Cheryl Kaiser, a psychology researcher at the University of Washington who studies diversity issues and who was not involved in the study, explained in an email that there are many subtle ways holiday parties and similar gatherings can be less enjoyable for members of minority groups than for others. These events, for example, “may adopt the practices, preferences, and rituals of the dominant group, all of which can convey a lack of belonging or inclusiveness to groups that do not share those preferences. This could lead members of some groups to experience a heightened sense of feeling like outsiders at their organization.” For that reason, she wrote, “It is important for organizations to bring in diverse perspectives and a multicultural mindset when planning these activities, so they can best represent the diversity of the people comprising their organizations.”

“There is definitely a sense of pessimism here, because it is like the old adage, ‘Birds of a feather, flock together,’” said Phillips. “It turns out that there’s lots and lots of evidence that that’s true.”

There is some hope, however—just because humans have certain tendencies toward groupishness doesn’t mean these tendencies are immutable. Phillips and her co-authors suggest that work activities may be better-suited than social ones for bridging racial divides. “[I]n diverse settings where close relationships are more difficult to build, if managers place a greater emphasis on task-related successes and competencies, they may achieve the kind of positive working relationships that are so valuable in organizations,” they write. 

Frank Dobbin, a Harvard workplace-diversity researcher who was also not involved in the study, wrote in an email, “The findings in this path-breaking study suggest that putting people from different race and ethnic groups together in the same room for social activities is much less effective in promoting integration than is putting them together in a team working on a common project.”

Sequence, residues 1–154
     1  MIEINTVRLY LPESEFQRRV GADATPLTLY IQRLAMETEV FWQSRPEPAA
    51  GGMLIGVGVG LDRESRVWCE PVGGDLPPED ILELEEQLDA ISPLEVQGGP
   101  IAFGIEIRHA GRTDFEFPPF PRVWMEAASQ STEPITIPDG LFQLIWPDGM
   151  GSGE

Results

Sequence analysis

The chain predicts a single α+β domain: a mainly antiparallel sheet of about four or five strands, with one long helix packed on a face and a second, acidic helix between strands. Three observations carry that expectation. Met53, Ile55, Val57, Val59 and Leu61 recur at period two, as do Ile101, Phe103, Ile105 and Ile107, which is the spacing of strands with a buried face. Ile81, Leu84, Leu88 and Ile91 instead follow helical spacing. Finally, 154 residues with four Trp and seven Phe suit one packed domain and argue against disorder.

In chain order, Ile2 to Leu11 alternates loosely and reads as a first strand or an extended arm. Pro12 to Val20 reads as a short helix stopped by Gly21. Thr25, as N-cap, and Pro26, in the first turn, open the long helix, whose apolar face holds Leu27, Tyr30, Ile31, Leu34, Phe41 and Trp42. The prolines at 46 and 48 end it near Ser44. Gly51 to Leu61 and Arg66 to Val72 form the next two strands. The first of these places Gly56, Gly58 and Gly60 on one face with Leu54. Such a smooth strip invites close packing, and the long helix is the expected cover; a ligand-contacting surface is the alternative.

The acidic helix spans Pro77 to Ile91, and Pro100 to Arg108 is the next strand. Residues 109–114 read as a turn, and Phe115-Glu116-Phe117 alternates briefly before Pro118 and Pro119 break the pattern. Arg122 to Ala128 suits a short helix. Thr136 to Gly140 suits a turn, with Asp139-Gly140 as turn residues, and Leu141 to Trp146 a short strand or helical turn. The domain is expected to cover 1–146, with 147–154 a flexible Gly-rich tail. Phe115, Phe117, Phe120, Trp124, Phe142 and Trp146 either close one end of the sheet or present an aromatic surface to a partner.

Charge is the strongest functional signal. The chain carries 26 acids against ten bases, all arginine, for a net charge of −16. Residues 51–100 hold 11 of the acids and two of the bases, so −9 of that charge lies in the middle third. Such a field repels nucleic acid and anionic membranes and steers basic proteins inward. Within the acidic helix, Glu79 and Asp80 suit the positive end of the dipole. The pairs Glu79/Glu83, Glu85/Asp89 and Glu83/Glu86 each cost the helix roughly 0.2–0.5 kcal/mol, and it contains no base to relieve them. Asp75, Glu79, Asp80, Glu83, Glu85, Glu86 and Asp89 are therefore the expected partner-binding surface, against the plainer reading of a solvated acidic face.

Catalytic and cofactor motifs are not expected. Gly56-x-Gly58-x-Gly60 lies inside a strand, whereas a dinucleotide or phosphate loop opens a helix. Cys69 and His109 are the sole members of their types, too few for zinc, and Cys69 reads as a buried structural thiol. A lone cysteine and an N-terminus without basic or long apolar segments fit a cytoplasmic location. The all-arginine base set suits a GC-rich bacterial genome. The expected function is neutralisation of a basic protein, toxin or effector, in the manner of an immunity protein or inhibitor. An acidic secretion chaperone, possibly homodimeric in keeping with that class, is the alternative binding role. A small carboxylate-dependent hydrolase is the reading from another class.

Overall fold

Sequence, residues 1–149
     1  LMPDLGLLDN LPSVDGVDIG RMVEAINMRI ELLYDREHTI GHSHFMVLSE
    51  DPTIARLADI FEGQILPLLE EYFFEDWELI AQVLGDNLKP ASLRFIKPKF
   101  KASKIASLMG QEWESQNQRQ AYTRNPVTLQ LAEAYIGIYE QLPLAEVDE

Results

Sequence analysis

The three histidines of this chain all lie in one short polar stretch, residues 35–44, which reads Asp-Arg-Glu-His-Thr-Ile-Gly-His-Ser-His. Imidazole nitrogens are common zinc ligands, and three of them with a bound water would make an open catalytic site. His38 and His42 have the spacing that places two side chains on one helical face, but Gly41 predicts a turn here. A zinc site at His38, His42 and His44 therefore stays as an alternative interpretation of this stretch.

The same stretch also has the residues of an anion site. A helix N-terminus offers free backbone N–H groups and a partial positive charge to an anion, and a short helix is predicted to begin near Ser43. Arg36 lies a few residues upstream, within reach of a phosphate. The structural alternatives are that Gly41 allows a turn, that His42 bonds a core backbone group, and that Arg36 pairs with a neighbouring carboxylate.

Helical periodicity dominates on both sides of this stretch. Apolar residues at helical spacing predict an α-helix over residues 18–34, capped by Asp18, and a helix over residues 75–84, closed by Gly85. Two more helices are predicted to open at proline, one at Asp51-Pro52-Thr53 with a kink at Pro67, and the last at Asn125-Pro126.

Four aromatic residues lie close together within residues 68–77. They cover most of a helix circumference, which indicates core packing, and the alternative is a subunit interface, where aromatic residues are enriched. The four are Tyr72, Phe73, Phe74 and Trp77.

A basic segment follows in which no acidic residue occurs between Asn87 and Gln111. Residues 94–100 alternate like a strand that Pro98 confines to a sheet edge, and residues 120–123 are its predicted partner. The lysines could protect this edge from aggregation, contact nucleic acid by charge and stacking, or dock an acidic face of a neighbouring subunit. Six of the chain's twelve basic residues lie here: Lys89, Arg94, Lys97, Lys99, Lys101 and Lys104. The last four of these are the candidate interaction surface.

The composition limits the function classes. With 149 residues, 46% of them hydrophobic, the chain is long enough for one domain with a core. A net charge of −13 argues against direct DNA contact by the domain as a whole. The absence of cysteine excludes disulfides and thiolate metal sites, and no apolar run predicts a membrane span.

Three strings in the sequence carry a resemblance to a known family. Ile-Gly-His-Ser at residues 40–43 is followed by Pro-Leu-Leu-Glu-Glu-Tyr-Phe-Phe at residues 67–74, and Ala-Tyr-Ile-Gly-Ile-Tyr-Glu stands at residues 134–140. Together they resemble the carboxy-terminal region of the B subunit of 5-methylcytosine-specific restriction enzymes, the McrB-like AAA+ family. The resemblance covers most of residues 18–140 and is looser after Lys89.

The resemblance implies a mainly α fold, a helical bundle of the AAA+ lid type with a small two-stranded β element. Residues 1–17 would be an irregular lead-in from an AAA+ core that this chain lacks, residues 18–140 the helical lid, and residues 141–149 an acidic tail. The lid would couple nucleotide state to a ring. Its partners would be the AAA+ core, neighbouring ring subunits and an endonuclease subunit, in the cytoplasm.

This sort of sustained engagement can short-circuit racially triggered instances of the confirmation bias, wrote Dobbin. “This research suggests that confirmation bias operates in encounters of short duration,” he wrote. “It takes longer for us to see members of other race and ethnic groups as individuals.” Therefore, since an ongoing work project entails more interaction than a quick chat at a holiday party, “Working side-by-side with someone is the best antidote to prejudice.”

As Kaiser explained, even as co-workers do a better job of seeing each other as individuals in group-work settings, they’re also forming a bonded group. “When diverse groups are working toward a superordinate goal, this can lead to adopting a common identity,” she wrote. “That is, the superordinate goal can cause diverse groups to shift from seeing themselves as distinct groups to seeing themselves as a single group, and this can result in increased trust and the opportunities to build stronger interpersonal ties.”

Diversity issues are surprisingly complicated. That’s why, in many cases, people with the best intentions have made little progress (PDF) in fighting the natural human tendencies toward division and groupishness. The key insight from this study, it seems, is that simply tossing different people into a social setting is not a cure-all for workplace cohesion. In diverse offices, at least, there’s more to workplace camaraderie than holiday music and boozy punch.